How is our military doing these days? I’ve just been musing over some of the problems that the military is having with retaining members.
Q: Under any circumstances, Mr. Secretary, would a draft be necessary in the future, as you contemplate it?
SEC. RUMSFELD: Well, I can’t imagine it. I just can’t imagine it. There are people who can argue that a draft is a good thing because it gives everyone a chance to serve and understand the military and national service. Although it really never did, it never drafted women, only men, and it exempted people who were in school and people who were married and people who were teaching and a whole lot of exemptions they had. But in terms of the need of the services, goodness no, we’re perfectly capable of increasing the incentives and the inducements to attract people into the armed services.
As a matter of fact, despite all the talk about the stress on the force, today we still are having very good results with respect to recruiting and retention. And we do not have a problem of attracting and retaining the people we need in the military. And if we ever did get to that point we should, in my view, do exactly what you do in the private sector and that’s increase the pay and increase the incentives and the inducements, so that you can have the kind of skills and the numbers of people you need to help defend our country. We’re very fortunate to have so many people raise their hand and say, “I want to volunteer to go in the United States Armed Forces,” and they say, “send me” and God bless them for it.
Leaving aside, for now, the demonstrable unfairness of the draft…
Fewer people were raising their hands to volunteer in the military. Perhaps because of qualms that young people and those who influence them have with the current ‘War on Terror.’ To make up for the lack of volunteers President Bush had to invoke the “Stop Loss Policy” in order to slow down the flood of people leaving the military.
From Louisville, Kentucky; Soldier, mother fight Army’s ‘stop loss’ rule:
The [Stop Loss] policy states that enlisted soldiers can’t leave on their service-expiration dates if they fall within 90 days of a deployment order. Soldiers must complete the deployment and then can be required to stay with the Army an additional 90 days, said Army spokesman Sheldon Smith.
About 12,000 active-duty troops, reservists and National Guardsmen are serving beyond their enlistment dates now, and a total of 80,000 have done so since the Sept. 11, 2001, terrorist attacks, Smith said in a statement.
If you’re interested, you can read the actual law for the Stop Loss policy. It’s called, Authority of President to suspend certain laws relating to promotion, retirement, and separation.
It’s pretty easy to see that attrition leads to shortages which must be made up. Last year, the Army had an enlistment shortfall, and tried to make up for it by lowering its standards. I pointed out how badly Army standards have fallen back in January.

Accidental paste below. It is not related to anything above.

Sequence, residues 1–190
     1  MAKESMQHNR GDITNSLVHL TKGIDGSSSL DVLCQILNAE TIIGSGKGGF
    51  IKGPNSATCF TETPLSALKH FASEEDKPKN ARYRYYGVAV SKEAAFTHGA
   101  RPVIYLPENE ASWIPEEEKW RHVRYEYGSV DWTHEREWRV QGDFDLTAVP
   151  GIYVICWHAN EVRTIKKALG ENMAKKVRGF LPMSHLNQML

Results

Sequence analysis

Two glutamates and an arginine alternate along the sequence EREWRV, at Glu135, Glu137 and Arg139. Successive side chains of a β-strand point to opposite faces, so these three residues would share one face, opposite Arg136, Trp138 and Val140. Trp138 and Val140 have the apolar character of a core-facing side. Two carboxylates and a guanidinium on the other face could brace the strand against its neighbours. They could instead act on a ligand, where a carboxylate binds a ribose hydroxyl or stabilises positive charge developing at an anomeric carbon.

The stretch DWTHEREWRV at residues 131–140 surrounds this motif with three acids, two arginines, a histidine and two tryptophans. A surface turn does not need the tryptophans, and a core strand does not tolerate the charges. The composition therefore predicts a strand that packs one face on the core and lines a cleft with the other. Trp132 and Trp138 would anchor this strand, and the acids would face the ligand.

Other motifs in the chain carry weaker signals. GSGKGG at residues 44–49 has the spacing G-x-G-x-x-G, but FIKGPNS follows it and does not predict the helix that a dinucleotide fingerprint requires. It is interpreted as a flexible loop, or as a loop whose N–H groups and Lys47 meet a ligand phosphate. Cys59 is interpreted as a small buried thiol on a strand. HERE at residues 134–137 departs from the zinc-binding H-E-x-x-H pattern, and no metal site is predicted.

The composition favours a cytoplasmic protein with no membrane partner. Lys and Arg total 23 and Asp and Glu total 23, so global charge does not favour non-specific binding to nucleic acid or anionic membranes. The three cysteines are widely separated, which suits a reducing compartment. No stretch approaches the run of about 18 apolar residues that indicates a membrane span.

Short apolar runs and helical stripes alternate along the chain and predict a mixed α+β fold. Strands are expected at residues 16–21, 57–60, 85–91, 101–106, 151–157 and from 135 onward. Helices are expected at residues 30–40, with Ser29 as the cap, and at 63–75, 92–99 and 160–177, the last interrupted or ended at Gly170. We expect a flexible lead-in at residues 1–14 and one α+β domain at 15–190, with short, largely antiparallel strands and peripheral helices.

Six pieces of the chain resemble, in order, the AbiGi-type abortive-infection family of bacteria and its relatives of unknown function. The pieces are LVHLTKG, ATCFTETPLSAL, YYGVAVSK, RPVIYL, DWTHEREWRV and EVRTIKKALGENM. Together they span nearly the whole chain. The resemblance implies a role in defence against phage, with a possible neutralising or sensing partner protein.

The alarming lack of volunteers has led people to believe that a draft is immenent. Even as far back as January 2005, the Rolling Stone had this to say about a possible draft:
The Pentagon, which can barely attract enough recruits to maintain current troop levels, has involuntarily extended the enlistments of as many as 100,000 soldiers. Desperate for troops, the Army has lowered its standards to let in twenty-five percent more high school dropouts, and the Marines are now offering as much as $30,000 to anyone who re-enlists. To understand the scope of the crisis, consider this: The United States is pouring nearly as much money into incentives for new recruits — almost $300 million — as it is into international tsunami relief.
Well, perhaps Mr. Rumsfeld is right, no draft is needed. We’ll just do like any American business would do and offer more incentives to join. The Defense Department is trying to keep it low key, but this was reported in the July 2006 issue of the Army Times:
The Defense Department quietly asked Congress on Monday to raise the maximum age for military recruits to 42 for all branches of the service.
The Pentagon’s request to raise the maximum recruit age to 42 is part of what defense officials are calling a package of “urgent wartime support initiatives” sent to Congress Monday night prior to a Tuesday hearing of the House Armed Services military personnel subcommittee.
From the Army Times article, other support incentives in this package include:
- Raising the maximum re-enlistment bonus to $90,000
- Maximum hardship duty pay to $750 a month
- Special pay and incentive bonuses for nuclear qualified officers to $30,000
- Increasing assignment incentive pay to $3,000
- Increasing accession and affiliation bonuses for reservists
- $2,500 Army only referral bonus paid to current soldiers if they get someone to enter the Army and make it through basic and advanced training
- Army Home Ownership program to set aside money for new recruits that could be used to buy a home at the end of an enlistment, in order to convince “adult influencers” of service-age youths about the benefits of joining the military.
Rumsfeld is right, of course. If you throw in enough incentives, people WILL voluntarily enlist in the military. He’s right that the private sector attracts employees through pay and incentives. There is a ‘supply and demand’ of jobs.
There are a few flaws in Rumsfeld’s arguments. First, it requires a lot of incentives to overcome the fear of coming home minus a limb, or in a box. Second, as the private sector has found, even when you get sufficient numbers of applicants, it is still an order of magnitude more difficult to get sufficient applicants who are qualified for the job. And last, some private sector businesses go bankrupt due to excessive payroll costs.
No matter how rosy of a picture that Bush and his advisors paint, things just are not that good for our brave Military members these days. My heart goes out to them.